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1. Getting your bearings in the games industry

At some point you gotta actually learn the craft of what you're doing.

Whether you're getting a degree or starting right out at a studio, you need to find a way to get familiar with the world of game dev. Knowing how the work is delegated, who does what + the actual day-to-day of a working office is a must.

2. Starting out at a studio

For some, the best way to do this is to jump right into a studio + branching out on your own after you lay that foundation if you choose.

Working at a studio [...] gives you a career rather than a hobby. It creates something sustainable.

3. Versus starting out on your own

Doing your game is essentially running your own business [...] you have to set limits for yourself.

If you choose to set out on your own + get your game of the ground by yourself, this panel insists that you have to know your limits in order to achieve success. In particular, they recommend putting a resonable timeline on your work + being realistic about what you have the ability to create based on what inspires you, the types of stories you want to tell + the resources you have available.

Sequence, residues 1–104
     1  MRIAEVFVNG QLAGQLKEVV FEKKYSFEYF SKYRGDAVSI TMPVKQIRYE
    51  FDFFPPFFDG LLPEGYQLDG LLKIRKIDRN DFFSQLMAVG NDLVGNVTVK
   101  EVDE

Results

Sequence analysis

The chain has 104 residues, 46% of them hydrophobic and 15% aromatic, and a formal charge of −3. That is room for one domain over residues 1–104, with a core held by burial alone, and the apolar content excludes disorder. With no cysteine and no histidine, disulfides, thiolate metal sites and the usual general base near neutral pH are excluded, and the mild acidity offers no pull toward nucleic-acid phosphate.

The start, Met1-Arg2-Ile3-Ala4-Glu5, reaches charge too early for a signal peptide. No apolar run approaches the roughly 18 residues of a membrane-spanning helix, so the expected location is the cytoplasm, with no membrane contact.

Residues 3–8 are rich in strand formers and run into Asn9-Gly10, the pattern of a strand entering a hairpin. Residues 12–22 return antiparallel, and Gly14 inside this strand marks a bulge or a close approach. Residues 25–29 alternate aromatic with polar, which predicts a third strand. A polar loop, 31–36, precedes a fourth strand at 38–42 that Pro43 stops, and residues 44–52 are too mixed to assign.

4. Either way: collaboration is key

Being comfortable asking for help + realising you don't have all the answers (shock/horror!) is necessary to have a successful project. Take control of your work + don't let it suffer out of ignorance.

Being a sponge + wanting to push out of game development [means] if there's an element of your project that could do with advice + consulting, then it's your responsibility to go out + find it.